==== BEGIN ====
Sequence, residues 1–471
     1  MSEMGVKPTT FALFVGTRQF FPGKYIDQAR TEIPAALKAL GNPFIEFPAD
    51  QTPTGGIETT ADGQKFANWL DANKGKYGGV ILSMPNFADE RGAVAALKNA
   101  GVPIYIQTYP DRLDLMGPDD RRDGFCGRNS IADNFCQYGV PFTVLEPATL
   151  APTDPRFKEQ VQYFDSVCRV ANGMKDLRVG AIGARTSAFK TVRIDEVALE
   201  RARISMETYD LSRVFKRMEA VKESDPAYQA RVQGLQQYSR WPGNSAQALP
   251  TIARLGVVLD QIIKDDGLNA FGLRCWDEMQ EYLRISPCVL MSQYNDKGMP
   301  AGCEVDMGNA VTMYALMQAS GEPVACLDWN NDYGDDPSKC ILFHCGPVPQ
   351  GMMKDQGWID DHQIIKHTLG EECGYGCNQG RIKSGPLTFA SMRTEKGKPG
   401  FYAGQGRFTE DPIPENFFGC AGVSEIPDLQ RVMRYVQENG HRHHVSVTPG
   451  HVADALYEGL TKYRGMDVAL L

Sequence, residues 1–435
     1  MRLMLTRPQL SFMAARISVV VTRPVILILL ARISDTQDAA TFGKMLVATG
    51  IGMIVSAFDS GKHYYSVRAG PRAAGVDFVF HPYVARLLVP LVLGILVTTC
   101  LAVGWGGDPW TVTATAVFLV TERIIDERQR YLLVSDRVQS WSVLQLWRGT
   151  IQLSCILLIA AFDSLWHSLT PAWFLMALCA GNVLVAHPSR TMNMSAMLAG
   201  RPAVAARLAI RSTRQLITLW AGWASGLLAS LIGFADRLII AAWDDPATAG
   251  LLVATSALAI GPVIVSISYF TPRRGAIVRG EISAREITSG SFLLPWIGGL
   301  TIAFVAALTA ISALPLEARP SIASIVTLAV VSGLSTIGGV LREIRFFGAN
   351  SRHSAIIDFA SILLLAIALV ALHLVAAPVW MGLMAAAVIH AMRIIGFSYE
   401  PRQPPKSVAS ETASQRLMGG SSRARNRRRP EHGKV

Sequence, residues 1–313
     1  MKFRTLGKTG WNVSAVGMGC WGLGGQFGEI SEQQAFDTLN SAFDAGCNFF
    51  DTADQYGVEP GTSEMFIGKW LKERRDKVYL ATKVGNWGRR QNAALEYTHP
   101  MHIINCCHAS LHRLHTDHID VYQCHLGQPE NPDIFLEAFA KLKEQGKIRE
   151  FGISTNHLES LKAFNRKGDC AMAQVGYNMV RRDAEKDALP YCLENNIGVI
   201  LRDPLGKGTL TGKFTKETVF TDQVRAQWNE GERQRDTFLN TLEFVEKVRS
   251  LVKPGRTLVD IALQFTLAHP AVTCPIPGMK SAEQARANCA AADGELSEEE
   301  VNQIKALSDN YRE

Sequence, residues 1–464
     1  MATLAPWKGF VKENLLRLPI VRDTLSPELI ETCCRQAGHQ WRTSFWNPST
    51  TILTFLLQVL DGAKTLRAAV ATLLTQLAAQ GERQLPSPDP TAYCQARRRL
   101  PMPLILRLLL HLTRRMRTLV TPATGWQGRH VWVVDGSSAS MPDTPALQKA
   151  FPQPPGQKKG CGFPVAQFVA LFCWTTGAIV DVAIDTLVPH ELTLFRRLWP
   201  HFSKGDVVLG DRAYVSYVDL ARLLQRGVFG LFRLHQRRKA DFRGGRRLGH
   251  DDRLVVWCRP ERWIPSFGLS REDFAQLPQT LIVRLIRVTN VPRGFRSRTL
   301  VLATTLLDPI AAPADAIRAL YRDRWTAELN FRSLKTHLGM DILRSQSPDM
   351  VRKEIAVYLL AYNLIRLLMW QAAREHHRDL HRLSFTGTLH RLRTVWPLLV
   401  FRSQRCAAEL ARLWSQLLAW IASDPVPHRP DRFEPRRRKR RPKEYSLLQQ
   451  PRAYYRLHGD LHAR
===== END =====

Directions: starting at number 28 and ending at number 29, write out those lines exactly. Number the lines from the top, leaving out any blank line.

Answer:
   251  LVKPGRTLVD IALQFTLAHP AVTCPIPGMK SAEQARANCA AADGELSEEE
   301  VNQIKALSDN YRE